Photo courtesy of Yik Yak
Due to the recent racial comments made on Yik Yak, the Graphic decided to feature several responses from the Pepperdine community.
Written by: Political Science Professor Jason Blakely and Senior Lilit Elechyan:
Like many on campus, we are appalled and saddened by the recent wave of racist posts on Yik Yak’s Pepperdine site. These posts refer to certain racial identities as “monkey,” mock the Black Lives Matter movement and accuse multiculturalism of reverse racism. This goes to show that although our campus and society are officially “nondiscriminatory,” we still struggle with a much deeper need for change on the issue of race.
What sadly remains alive is a view of race that has been utterly discredited by biology and anthropology. Namely, that you can reduce complex human features like intelligence, sexual drive, talent for dancing or music, propensity to crime, etc., to melanin in the skin.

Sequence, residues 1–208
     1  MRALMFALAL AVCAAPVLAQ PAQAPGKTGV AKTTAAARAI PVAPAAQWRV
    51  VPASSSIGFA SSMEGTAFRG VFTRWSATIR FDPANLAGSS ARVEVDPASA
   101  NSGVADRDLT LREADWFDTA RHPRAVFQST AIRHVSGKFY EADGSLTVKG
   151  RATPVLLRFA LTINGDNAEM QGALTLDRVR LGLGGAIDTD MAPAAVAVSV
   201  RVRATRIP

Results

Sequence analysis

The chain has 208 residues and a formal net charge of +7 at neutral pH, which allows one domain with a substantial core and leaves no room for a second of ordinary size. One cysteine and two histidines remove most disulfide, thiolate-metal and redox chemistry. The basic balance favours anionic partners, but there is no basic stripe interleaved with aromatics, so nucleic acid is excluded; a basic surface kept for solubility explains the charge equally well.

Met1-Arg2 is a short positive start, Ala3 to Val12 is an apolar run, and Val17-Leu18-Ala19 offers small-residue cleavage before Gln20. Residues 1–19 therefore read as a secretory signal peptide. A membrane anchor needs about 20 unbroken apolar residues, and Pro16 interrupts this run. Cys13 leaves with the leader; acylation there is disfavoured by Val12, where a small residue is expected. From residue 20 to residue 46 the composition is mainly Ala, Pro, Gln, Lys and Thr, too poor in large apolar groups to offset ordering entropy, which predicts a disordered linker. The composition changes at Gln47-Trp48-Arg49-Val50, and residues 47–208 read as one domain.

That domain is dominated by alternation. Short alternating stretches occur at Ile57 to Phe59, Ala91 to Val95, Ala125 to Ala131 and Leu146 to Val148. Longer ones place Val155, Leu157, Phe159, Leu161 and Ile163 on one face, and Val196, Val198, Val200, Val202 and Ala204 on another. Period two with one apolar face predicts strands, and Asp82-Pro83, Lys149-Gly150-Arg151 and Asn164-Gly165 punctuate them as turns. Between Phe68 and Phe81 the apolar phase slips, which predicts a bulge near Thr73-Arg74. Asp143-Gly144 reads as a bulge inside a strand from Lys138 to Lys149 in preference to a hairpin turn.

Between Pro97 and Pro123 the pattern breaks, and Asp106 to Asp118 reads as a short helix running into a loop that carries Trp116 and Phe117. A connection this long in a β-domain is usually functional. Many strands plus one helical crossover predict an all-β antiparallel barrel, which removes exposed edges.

Doing this is no less absurd than reducing someone to his or her hair color, the shape of the freckles on his or her back, or the number of eyelashes on his or her eyes. And yet we continue to divide ourselves and our communities along racial lines as if they comprised some kind of pseudo-scientific destiny.
The posts on Yik Yak have also accused multicultural groups of reverse racism by disallowing the recognition of “white” cultural accomplishments. The problem with this argument is that it is false. It is false first and foremost because the category “white” actually comprises several diverse cultural groups that rightly receive recognition in various ways (e.g. the Irish on Saint Patrick’s Day, German language clubs, or Anglophile “Keep Calm and Carry On” paraphernalia).
Indeed, Pepperdine itself can be proud of a Church of Christ heritage that is rightly celebrated and stems from restorationist Scots-Irish and other ethnicities in the American South. In short, these claims to non-recognition are baseless.